One of the best pieces of advice I have received in recent years was given to me at the Royal Institution in 2017. I had chosen to attend a one-day workshop about “The Magic Lantern and Science” and whilst the recreation of a Victorian illustrated lecture in that legendary venue was delightful, my main purpose was to reconnect with some experts in pre-cinema and early cinema, to pick their brains.
I had recently returned to my research into William Friese-Greene after a dozen years away and was feeling somewhat lost as to how to proceed, in terms of making sure it got out into the world this time. A couple of academics were very clear as to the answer: start blogging. Start blogging, they said, and you will find that all sorts of people with a shared interest will come out of the woodwork and contact you. You will make connections you never expected.
Well, they were dead right, and the surprising messages that drop in my inbox are a delight: whether it be an enquiry from a film museum, or a relative of Will Day taking me to task for my depiction of his ancestor, or hearing about a surprise discovery in a Welsh antique shop, or finding that an academic whose work I greatly admire is a regular reader of mine. Or something like this…
I was contacted by Paul Fenwick, a cereal pathologist based in Lincolnshire (yes, I didn’t know cereal pathology was a thing either, but you can look it up). In his spare time, however, he had been creating the Grimsby and Cleethorpes (Virtual) Museum, a site where he shares his own historical artefacts related to the area and invites others to. Bit by bit, he had purchased four postcards on eBay that related to William Friese-Greene’s children and Cleethorpes, and wanted to better understand the context and meaning of them. Well, I can’t resist a niche inside a niche inside a niche, especially when it reveals things you had no other way of knowing.
First of all, I must explain that these are not postcards as you would normally imagine them. A century ago, it was a pretty simple matter to have your own photographs made into postcards so your friends and family could get a very personalised message from your travels. And whilst today we may be able to Whatsapp an image of ourselves from anywhere to our friends in just an instant, this story demonstrates that the old-fashioned method was more enduring and – let’s face it – way cooler.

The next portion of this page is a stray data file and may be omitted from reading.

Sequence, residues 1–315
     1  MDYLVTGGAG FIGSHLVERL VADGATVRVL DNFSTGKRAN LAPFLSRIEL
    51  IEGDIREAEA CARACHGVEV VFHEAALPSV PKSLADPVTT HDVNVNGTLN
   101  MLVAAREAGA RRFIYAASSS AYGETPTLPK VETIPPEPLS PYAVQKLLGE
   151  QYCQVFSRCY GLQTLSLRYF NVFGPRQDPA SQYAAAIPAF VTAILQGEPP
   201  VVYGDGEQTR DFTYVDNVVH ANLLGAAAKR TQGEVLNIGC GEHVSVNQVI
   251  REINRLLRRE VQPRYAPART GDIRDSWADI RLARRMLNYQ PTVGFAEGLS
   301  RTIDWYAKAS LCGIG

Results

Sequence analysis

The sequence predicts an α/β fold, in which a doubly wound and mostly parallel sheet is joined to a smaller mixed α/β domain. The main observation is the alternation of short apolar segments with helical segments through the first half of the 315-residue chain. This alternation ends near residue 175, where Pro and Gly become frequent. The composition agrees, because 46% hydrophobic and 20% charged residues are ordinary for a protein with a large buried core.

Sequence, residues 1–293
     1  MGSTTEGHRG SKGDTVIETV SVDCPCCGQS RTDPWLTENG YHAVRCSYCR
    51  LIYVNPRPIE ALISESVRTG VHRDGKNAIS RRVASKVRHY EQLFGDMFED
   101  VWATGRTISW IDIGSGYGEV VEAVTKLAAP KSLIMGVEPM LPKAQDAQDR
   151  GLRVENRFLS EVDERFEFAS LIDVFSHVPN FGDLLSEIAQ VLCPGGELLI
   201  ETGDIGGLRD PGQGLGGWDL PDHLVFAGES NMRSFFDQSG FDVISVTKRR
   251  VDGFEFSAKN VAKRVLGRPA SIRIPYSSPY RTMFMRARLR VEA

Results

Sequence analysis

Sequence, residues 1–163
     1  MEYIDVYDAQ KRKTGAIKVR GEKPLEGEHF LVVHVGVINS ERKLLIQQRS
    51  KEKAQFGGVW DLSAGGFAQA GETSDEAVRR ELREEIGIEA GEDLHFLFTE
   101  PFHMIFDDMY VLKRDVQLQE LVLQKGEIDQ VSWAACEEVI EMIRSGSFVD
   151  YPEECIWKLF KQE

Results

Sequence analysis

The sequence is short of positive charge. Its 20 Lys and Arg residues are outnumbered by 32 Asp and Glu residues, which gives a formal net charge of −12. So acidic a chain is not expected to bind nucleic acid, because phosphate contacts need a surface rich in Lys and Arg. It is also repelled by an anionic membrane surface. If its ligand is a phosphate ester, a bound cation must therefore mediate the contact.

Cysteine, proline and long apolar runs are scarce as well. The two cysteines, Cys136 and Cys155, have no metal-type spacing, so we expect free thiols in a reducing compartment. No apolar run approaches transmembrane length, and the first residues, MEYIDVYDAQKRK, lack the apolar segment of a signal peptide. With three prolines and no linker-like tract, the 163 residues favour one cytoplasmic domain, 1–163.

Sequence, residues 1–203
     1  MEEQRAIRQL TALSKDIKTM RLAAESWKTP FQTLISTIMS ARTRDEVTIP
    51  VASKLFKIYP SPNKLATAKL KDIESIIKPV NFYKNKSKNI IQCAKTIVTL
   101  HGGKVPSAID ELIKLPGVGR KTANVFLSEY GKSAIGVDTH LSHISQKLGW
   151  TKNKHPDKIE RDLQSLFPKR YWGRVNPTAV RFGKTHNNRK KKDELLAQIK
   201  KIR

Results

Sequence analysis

Paul asked me to write something for his website, which I was happy to do, in thanks for bringing them to my attention. I’d like to share an illustrated version of it here, as these seemingly trivial items actually speak volumes.
The Friese-Greene Cleethorpes Postcards
These four postcards are both a charming window onto the Edwardian seaside and a poignant snapshot of a difficult time in the lives of the sons of William Friese-Greene (1855-1921), the moving picture pioneer and obsessive inventor.
The three eldest – in descending order – Claude, Kenneth and Graham, signed up to fight in the Great War, the latter two when underage. Fortunately, they all came back alive, but by then William and Edith, their father and mother, were financially ruined and had separated. Their father died of heart failure whilst attending a meeting of film distributors, having just given an appeal for unity, on 6th May 1921, at the age of 65. Ethel, twenty years his junior, followed close behind, taken by cancer on the 20th July.
The two youngest – Vincent and Maurice, 10 and 14 years old – were still in school. A friend in the film industry, Will Day, organised an appeal to support them but that didn’t go very far.
The first two chronologically, from August and September 1921, show us what Kenneth is doing to make ends meet during the summer, depicting “the staff “The Boys” standing next to me“. He’s part of a team doing beach photography – he’s the one second from the right. These photographers would shoot groups of people on the beach and then display the images, which holidaymakers could order a copy of. His father, of course, began his career as a photographer and would fall back on it when times were tough.
You can see Kenneth in the act in the second picture, up a ladder, organising a group shot. The number on the photo, which would have been written on the negative, shows it was up for sale. The first picture shows two boards of photos – Monday’s and Saturday’s – and people checking them out. The woman behind the counter is dealing with orders and above their heads it states “PHOTOGRAPHED By Appointment 3/ [shillings] per ½ doz”.
The postcards are to his older brother Claude and childhood sweetheart wife, Chrissie who now had a toddler, Peter. Both father and son would have careers behind the camera – Claude in the cinema, Peter in television. They are living down in Hove where the family had spent the majority of their time after 1904. In the third card, from the end of September, showing a smiling and dapper Kenneth, who says he is looking forward to going down to visit them.
The final card, from August 1922, shows a man in uniform and two women in driving gear, leaning against a vehicle with French signage and a Union Jack, perhaps indicating some kind of road race, with the pier as backdrop.
This time, the card is from Vincent – ten years’ junior to Kenneth – writing to Claude and Chrissie, who have now moved up to London. He’s recounting going up in an aeroplane, which would have particular significance for Claude, who was with the Royal Flying Corps in the war and had since been earning money doing aerial photography and filming. Presumably, Vincent is spending some time with his older brother during the summer months.
Kenneth would later settle in Sheffield, running a business designing and fitting out cinemas. Vincent would follow his oldest brother into the air force, dying in action in 1944. At this moment, they are just trying to find their way in the world without the support of their parents. And have some fun.